Postgraduate study

Graduates have many options for further study within the School of Physical and Chemical Sciences, whether it's to conduct independent research, gain a fast-track conversion qualification, make a career change, or develop expertise in their professional field. Postgraduate study is required for some careers and is a prerequisite for academic teaching and research roles.

Postgraduate study at UC is flexible, challenging and hugely rewarding. You can study full or part-time and choose from six-month courses through to a four-year PhD. UC is the only university in Aotearoa New Zealand to offer Medical Physics programmes.

Most of the School of Physical and Chemical Sciences postgraduate courses include projects, lab or field work. Postgraduate study may open up opportunities for practical industry placements or internships too.

While some qualifications, such as a diploma, may offer more coursework-based learning, opportunities for research at UC are plentiful. All physical and chemical sciences staff dedicate significant time to research, ensuring the school maintains its strong reputation in the international scientific community.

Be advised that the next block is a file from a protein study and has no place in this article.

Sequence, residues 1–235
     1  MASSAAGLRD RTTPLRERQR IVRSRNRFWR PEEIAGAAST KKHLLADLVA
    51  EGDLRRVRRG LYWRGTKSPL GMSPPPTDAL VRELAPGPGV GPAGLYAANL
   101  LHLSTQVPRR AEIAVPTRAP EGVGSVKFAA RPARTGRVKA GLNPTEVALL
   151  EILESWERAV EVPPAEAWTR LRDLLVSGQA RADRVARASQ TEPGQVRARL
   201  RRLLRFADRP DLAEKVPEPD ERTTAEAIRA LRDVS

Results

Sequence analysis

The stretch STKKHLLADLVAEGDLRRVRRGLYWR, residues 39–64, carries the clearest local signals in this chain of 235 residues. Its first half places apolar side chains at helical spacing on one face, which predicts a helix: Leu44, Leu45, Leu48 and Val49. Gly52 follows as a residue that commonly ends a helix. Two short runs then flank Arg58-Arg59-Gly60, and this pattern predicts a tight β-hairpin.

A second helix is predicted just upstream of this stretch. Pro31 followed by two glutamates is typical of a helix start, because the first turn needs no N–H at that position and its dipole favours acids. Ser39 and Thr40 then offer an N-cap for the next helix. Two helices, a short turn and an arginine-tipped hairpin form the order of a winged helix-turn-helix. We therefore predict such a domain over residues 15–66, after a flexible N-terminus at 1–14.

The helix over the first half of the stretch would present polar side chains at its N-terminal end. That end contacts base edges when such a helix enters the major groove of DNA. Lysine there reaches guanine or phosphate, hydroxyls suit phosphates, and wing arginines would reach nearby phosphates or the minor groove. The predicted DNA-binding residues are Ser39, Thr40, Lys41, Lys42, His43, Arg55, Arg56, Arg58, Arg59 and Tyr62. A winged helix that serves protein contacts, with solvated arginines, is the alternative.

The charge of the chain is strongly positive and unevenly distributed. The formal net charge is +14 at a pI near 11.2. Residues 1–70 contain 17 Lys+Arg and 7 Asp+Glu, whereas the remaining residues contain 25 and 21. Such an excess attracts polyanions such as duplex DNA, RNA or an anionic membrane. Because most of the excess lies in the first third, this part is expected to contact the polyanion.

We have excellent facilities and technology that meets international standards and staff and postgraduate students are engaged in internationally important projects.

Postgraduate training at UC aims to develop a student's ability in creative scientific research. The student's own research topic is an important facet. 

  • Contact the postgraduate coordinator to discuss your course of study and proposed research
  • Obtain approval to enrol
  • Apply to enrol online (current UC students) Note: international students will need to apply for Admission Ad Eundem
  • Students enrolling in a thesis must enrol by phoning the UC Contact Centre. You will need to advise of your thesis start date and whether you are studying part-time. Typically your start date is the first day of Semester One or Semester Two or, the first Monday of any month.
    Please note your thesis course enrolment cannot be approved until there is confirmation you have passed MSc Part I courses.
  • Once you have been approved for entry you will receive a letter of offer and fees invoice.

If conducting a thesis, you will then need to complete a Masters Research Proposal Application with your supervisor. It must be approved by the college. Registration of a research proposal is due two months after the commencement date of the thesis if enrolled full-time (four months if enrolled part-time).

See the College of Science Postgraduate advice and forms

  • Guidelines and policies can be found on the University's general postgraduate pages
  • The University Regulations site has all legal university guidelines and qualification requirements 
  • Some departments produce specific postgraduate qualification or subject brochures, handbooks or guides. Contact the relevant Postgraduate Coordinator for any further guidance.